The new mobile wireless computer technologies and social media applications using Web 2.0 platforms have recently received attention from those working in health promotion as a promising new way of achieving their goals of preventing ill-health and promoting healthy behaviours at the population level. There is very little critical examination in this literature of how the use of these digital technologies may affect the targeted groups, in terms of the implications for how individuals experience embodiment, selfhood and social relationships. This article addresses these issues, employing a range of social and cultural theories to do so. It is argued that m-health technologies produce a digital cyborg body. They are able to act not only as prostheses, but also as interpreters of the body. The subject produced through the use of m-health technologies is constructed as both an object of surveillance and persuasion, and as a responsible citizen who is willing and able to act on the health imperatives issuing forth from the technologies and to present their body/self as open to continual measurement and assessment. The implications of this new way of monitoring and regulating health are discussed.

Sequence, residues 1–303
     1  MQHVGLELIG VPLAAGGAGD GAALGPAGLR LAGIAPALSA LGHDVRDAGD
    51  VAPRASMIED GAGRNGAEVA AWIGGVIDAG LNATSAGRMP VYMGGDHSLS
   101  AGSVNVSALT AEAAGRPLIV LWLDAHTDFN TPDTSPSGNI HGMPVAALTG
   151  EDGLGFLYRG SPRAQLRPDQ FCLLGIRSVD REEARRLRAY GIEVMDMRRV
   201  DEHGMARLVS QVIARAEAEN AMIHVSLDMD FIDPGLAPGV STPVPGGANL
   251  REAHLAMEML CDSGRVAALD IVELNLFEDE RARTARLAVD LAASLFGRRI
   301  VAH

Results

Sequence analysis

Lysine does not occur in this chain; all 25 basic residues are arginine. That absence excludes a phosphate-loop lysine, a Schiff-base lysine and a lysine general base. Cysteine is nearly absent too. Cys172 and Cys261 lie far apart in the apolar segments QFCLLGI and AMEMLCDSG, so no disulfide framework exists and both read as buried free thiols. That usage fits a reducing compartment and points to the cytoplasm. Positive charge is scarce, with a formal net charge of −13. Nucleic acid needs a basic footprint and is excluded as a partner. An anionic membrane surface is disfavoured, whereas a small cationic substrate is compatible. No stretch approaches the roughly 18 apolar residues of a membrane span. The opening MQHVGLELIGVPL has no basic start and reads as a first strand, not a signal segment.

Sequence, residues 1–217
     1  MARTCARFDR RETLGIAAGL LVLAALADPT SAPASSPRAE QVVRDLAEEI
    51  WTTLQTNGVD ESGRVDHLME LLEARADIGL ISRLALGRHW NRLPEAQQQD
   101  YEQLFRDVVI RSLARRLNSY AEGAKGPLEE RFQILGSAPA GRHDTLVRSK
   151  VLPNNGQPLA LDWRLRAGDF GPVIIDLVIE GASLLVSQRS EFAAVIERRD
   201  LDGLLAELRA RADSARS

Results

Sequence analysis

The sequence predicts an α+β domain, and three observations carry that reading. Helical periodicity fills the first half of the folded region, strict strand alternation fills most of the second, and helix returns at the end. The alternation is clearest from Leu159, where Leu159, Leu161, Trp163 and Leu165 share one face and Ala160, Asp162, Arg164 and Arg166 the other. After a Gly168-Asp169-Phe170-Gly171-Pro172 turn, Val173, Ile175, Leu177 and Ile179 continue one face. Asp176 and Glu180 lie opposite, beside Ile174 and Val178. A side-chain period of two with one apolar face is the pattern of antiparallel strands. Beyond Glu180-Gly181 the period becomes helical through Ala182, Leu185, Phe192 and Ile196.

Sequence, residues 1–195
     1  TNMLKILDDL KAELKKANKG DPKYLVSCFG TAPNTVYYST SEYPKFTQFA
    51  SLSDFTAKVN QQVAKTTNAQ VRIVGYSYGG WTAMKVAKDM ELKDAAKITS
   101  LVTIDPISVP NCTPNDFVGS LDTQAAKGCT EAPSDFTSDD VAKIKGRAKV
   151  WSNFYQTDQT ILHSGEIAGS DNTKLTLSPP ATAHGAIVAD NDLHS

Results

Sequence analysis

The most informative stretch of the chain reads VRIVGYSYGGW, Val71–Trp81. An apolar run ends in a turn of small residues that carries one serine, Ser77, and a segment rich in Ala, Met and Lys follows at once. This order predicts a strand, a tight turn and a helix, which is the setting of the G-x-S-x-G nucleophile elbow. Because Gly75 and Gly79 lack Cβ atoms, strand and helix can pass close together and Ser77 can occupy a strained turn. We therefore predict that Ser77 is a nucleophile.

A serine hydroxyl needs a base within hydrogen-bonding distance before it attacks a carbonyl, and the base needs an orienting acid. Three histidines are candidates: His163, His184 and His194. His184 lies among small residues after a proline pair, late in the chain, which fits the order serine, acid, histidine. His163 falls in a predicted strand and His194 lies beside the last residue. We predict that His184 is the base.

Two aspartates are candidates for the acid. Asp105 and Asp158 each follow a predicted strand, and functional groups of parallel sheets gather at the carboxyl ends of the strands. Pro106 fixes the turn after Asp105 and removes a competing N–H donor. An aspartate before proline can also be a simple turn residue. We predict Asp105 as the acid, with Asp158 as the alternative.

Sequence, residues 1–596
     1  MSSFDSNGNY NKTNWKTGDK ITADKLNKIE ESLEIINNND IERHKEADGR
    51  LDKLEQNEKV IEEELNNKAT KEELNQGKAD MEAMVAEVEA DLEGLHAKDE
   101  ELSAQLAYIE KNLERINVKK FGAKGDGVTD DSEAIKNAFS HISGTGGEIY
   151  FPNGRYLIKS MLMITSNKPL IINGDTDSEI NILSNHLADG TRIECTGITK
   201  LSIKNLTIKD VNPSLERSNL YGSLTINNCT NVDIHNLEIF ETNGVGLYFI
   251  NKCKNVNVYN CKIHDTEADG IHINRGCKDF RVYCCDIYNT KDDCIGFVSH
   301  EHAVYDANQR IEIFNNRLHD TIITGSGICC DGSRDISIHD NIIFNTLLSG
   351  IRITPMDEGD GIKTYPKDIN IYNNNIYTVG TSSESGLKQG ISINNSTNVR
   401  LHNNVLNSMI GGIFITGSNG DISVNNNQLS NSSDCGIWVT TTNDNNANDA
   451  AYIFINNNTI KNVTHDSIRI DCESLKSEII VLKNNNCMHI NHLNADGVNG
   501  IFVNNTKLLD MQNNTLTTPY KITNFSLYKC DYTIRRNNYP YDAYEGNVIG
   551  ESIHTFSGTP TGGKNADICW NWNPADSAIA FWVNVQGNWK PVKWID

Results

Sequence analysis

|Number of pages||16|
|Journal||Social Theory and Health|
|Publication status||Published - 2012|